Microsoft takes aim at ERP bigwigs


Some six years after Microsoft’s acquisition of Great Plains, the company’s vision for enterprise resource planning (ERP) and customer relationship management (CRM) software is coming together under the Dynamics brand.

At its recent Convergence conference in San Diego, Microsoft said it is now ready to challenge incumbents SAP AG and Oracle Corp. in the large enterprise market.

While long seen as a strong competitor in the mid-market, Microsoft executives laid out a play for the enterprise realm that looks to capitalize on industry trends around empowering less tech-savvy line-of-business users with ERP access by making the usability of its platform a key selling proposition.

In his keynote speech to close the conference, Microsoft CEO Steve Ballmer declared Dynamics “enterprise-ready” in what he identified as three key areas: security, reliability and scalability.

“That doesn’t mean we’re going to take on the supply chain of General Motors tomorrow morning, because that’s more of a complexity issue than it is a scale issue,” said Ballmer. “Our sweet spot today is small enterprises, but we’re just going to keep expanding that sweet spot.”

While SAP and Microsoft have collaborated in the past, jointly developing products such as ERP/Office integration tool Duet, Ballmer named SAP as Microsoft’s “biggest competitor” in the space, an assessment echoed by other company executives.

At a media conference, James Utzschneider, Microsoft’s general manager of Dynamics marketing, released partial results of a survey of Microsoft and SAP ERP users, which he claimed showed a clear usability advantage for Microsoft; it’s a gap he doesn’t see SAP closing any time soon.

“Waking up one morning and saying I have to make my software more usable is the equivalent of waking up one morning and saying I have my 25th high school reunion tomorrow and I need to lose 20 pounds,” said Utzschneider.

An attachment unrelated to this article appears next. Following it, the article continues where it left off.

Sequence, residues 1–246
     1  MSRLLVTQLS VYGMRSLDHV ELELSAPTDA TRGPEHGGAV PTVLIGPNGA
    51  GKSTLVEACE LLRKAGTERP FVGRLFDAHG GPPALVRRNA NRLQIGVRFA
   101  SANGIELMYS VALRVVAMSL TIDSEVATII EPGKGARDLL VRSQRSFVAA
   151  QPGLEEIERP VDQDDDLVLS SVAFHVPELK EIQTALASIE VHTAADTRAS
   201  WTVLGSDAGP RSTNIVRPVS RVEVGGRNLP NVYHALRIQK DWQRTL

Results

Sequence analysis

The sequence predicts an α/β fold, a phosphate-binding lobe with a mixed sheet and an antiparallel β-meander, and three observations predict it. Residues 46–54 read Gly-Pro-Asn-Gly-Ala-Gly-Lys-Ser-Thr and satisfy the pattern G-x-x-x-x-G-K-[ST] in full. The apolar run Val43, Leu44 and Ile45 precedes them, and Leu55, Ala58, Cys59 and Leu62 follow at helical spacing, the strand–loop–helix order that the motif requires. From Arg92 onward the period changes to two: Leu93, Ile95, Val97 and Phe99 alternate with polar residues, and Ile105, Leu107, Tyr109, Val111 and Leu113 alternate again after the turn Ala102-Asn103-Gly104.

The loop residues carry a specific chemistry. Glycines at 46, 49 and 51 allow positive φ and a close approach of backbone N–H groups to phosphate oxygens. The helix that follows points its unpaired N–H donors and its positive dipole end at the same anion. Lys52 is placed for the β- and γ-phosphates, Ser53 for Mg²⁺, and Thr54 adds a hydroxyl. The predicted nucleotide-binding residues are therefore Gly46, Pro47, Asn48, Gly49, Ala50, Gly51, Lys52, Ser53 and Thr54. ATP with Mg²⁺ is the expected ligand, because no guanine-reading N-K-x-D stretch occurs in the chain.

Usability may well be a compelling play. Joel Martin, vice-president of enterprise software with IDC Canada, said IT managers are increasingly bogged down managing complex environments. Buying decisions are increasingly shifting from IT managers to line-of-business managers, and line-of-business managers are receptive to the usability message. “Usability doesn’t rank that high for an IT manager, but for a line-of-business manager, it’s huge,” said Martin.

“They don’t want to invest in anything if their employees aren’t going to use it.”

A number of Canadian companies using Dynamics are welcoming the usability push, bemoaning the challenge of getting their users, particularly prickly sales staffs, to use clunky ERP and CRM platforms.

Scott Bolton, corporate controller with Ottawa’s March Networks, said his company has experienced four failed CRM deployments because users found the systems cumbersome.

“The usability just wasn’t there and the sales guys just said, ‘Screw this, we’re not using it,’” he said. “The Oracle and SAP CRM systems were just junk, quite frankly.” It’s a scenario echoed by Dave Root, CFO of Guelph, Ont.-based Eagle’s Flight, which implemented Dynamics after a Siebel deployment failed to get off the ground. Root said CRM is the backbone of their sales-driven business so it’s important their sales staff likes, and will use, the system.

“It’s all about getting good information in and our sales force hated using Siebel. It was a fight getting them to use it,” said Root, adding that his sales force also helped drive the Dynamics move. “A big factor in that decision was the sales guys liked it. They work in Microsoft Outlook, and [Dynamics] worked in Outlook.”

Third-party vendors are also getting on board the usability train. Based in Vancouver, 90 Degree Software has developed a software application for simplified report authoring through a Microsoft Office interface for the Dynamics platform.

Roger Sanborn, the company’s chief technology officer, said the “tremendous amount of effort” around usability Microsoft has invested into the Dynamics platform is very complimentary to 90 Degree’s offering.

“These are all things that our product can take advantage of,” said Sanborn. “We want to layer on top of what is coming from those Dynamics platforms and then offer the same experience they would expect from a Microsoft product, so it is not a foreign environment for them and it’s easy to use.”

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Jeff Jedras
Jeff Jedras
As an assistant editor at IT World Canada, Jeff Jedras contributes primarily to CDN and, covering the reseller channel and the small and medium-sized business space.

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